David Cameron: financier Lex Greensill claims to be ‘senior advisor’ to David Cameron, trade show business card | Political news
A scandal-stricken financier claimed he was a “senior adviser” to then Prime Minister David Cameron, according to a business card handed to the Labor Party.
The card suggests Lex Greensill had a government landline number as well as a Downing Street email address.
The government has previously claimed that Mr Greensill’s role was approved “in the normal way”, but not paid for.
The Labor Party said there were “other serious questions about the special access Lex Greensill has been granted to the heart of government” and that a “full, transparent and thorough investigation” is needed.
Sky News has contacted Mr Cameron and the Conservative Party for comments on the business card.
It comes after a cabinet minister told Sky News it was time to ‘move on’ from the row Mr. CameronMr. Greensill’s relationship with Mr. Greensill’s financial services firm.
“I think people watched this. As far as I know, David Cameron hasn’t done anything wrong,” Business Secretary Kwasi Kwarteng said when asked about the ex-prime minister’s ties to Greensill Capital.
He added: “People looked at his role, people looked at whether or not he may have contacted people, Treasury officials.
“As far as I know it was all over the board, he was largely exonerated and I think we should just move on.”
A watchdog said last week that Mr Cameron, who was in Downing Street from 2010 to 2016, did not break their own lobbying rules trying to get government help for the business.
In addition to seeking funds from a government COVID loan program, Mr Cameron has also reportedly contacted the Bank of England about the business.
Greensill Capital collapsed earlier this month and left Liberty Steel, along with its 5,000 workers in the UK, facing an uncertain future.
Reports that Mr Cameron sent a number of texts to the Chancellor Rishi SunakGreensill Capital’s private phone requesting assistance for Greensill Capital was investigated by Harry Rich, the Registrar of Consulting Lobbyists.
This post was created in legislation passed by Mr Cameron’s own government in 2014.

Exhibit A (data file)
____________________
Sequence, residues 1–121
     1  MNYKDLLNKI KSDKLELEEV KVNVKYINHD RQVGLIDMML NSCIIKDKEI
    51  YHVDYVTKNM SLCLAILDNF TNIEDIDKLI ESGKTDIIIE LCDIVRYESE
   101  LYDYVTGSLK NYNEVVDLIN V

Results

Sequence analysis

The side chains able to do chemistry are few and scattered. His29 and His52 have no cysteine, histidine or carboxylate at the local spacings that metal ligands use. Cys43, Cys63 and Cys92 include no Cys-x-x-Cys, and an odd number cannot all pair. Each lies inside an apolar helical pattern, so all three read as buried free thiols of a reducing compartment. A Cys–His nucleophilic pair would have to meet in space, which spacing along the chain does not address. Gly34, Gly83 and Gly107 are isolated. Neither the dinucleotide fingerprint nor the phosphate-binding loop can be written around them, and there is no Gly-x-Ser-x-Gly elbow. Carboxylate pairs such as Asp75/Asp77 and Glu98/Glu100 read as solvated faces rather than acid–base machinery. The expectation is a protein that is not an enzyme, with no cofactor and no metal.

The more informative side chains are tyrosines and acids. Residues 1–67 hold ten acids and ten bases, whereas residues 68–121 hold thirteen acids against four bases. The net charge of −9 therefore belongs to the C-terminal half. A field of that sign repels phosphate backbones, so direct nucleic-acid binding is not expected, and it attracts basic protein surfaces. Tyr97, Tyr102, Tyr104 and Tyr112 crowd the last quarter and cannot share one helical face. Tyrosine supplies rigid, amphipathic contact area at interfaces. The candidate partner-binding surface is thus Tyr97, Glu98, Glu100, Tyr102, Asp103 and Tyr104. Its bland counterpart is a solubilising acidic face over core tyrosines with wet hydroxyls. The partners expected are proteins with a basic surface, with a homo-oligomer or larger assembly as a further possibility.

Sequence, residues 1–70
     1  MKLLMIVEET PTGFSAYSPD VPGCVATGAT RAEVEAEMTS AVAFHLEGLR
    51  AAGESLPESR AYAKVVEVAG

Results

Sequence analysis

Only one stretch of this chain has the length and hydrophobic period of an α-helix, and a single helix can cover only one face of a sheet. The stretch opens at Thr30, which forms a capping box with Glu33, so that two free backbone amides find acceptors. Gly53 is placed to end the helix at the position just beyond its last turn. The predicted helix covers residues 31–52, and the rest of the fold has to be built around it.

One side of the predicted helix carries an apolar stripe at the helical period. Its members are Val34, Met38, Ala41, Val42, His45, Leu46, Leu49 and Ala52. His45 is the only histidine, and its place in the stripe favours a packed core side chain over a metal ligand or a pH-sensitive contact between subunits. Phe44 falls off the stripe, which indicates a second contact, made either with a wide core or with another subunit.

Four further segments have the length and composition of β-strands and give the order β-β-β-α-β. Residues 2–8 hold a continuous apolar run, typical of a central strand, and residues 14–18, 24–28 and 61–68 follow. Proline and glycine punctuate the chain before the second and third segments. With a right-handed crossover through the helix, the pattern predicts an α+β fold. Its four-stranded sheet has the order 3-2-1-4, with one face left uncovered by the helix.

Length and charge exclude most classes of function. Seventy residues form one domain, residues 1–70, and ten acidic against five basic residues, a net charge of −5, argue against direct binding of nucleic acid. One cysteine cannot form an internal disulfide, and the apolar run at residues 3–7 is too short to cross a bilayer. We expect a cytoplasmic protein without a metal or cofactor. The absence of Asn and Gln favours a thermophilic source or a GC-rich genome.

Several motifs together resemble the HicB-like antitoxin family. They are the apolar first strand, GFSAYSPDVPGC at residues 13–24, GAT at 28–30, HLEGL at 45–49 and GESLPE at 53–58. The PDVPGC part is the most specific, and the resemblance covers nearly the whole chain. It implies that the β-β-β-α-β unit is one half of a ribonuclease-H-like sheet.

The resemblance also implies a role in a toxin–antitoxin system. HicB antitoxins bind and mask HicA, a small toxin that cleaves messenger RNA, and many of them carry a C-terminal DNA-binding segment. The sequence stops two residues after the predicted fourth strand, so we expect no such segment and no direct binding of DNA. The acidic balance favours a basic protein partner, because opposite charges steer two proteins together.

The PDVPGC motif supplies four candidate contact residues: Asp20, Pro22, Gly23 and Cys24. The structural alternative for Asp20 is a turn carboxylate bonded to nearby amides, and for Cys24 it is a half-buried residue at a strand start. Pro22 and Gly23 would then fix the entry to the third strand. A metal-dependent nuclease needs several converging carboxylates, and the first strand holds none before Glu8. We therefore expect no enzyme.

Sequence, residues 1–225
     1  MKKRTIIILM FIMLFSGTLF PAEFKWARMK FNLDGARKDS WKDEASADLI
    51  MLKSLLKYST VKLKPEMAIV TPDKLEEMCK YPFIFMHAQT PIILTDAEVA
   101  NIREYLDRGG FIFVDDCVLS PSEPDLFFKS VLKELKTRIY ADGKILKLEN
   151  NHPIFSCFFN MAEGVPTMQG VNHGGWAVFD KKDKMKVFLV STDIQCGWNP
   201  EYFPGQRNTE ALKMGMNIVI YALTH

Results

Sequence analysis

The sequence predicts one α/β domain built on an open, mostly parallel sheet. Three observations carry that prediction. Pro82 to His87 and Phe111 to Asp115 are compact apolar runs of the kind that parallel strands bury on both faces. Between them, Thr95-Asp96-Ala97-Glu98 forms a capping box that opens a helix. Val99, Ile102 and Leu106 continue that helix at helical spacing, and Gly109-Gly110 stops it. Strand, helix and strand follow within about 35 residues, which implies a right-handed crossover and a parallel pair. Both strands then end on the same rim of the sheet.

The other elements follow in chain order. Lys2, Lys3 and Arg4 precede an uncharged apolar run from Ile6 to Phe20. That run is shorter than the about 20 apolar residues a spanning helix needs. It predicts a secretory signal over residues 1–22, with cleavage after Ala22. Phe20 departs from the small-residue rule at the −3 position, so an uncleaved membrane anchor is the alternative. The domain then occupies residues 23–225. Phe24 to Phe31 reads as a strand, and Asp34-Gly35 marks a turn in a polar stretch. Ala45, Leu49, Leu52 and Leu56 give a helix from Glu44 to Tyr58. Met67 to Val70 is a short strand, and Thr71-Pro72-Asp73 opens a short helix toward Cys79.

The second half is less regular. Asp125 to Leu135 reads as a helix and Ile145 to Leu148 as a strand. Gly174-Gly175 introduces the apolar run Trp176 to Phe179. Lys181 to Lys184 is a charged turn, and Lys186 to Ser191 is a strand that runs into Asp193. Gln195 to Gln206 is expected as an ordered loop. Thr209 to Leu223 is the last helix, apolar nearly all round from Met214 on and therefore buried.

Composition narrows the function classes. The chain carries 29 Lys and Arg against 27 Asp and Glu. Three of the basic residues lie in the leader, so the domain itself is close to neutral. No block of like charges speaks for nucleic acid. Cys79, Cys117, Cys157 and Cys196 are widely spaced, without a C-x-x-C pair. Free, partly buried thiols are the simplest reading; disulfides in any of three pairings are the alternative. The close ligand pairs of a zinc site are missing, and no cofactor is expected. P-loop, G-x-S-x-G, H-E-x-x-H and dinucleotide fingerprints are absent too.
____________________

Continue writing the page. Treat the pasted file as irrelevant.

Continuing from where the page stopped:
But, as an employee of Greensill, who has since entered administration, he was not required to register on the register, Rich concluded.
However, Labor is now calling on the standards watchdog to look into the government’s ties to Greensill.
The party wants the Committee for the Standards of Public Life to launch an investigation.
“What is going on with Greensill is getting more and more murky day by day and I think it is obvious that there needs to be an investigation,” Party leader Sir Keir Starmer said on Tuesday.
“There are too many unanswered questions.”
This follows a Sunday Times investigation that found founder Lex Greensill made rich from a government-backed loan program he devised after Mr Cameron gave him access to 11 departments and agencies.
The newspaper reported that the Australian financier had access to the departments while Mr Cameron was Prime Minister so that he could promote a financial product in which he specializes.
The pharmacies prepayment program has allowed banks to quickly reimburse pharmacists for NHS prescriptions, for a fee, before recovering money from the government.
Greensill Capital funded the program.
The Sunday Times said Mr Greensill could not be reached for comment, but said he was heard to deny making large sums under a deal with a pharmacy.
Sky News has contacted Greensill Capital for comment through its directors on several occasions, but has yet to receive a response.
A government spokesperson said: “Lex Greensill acted as a supply chain finance advisor from 2012 to 2015 and as a Crown representative for three years from 2013.
“His appointment was approved in the normal way and he was not paid for either role.”
Sky News has contacted Mr Cameron’s office for comment since the publication of the reports on Greensill Capital, but has not received a response.
Lord Evans, chairman of the Committee on Standards in Public Life, said in response to Labor’s letter that it is an advisory body and “has no mandate to investigate individual cases” .
However, he added that the committee is currently considering arrangements for transparency and public appointments and would welcome party submissions on the matter.
Giving his take on the dispute, Sir Alistair Graham, former chairman of the committee, told Sky News: “Mr Cameron, I think, was very clear that he was an internal employee rather than a independent lobbyist.
“But he was the one who identified lobbying as likely to be the next major scandal and we find him, in fact, lobbying to help Greensill Capital get loans from the UK government.
“It appears, although I obviously don’t know the details, that this company also had very privileged access to the treasury and government departments in a way that I don’t think is acceptable.”
Sir Alistair added: “I am uncomfortable with what appears to be an expectation of former ministers, former prime ministers.
“Believing that this is almost part of their retirement plans, they should be able to occupy key positions in the private sector, pay large sums and be able – because they have passes to the House of Commons – to have more. privileged access to government. “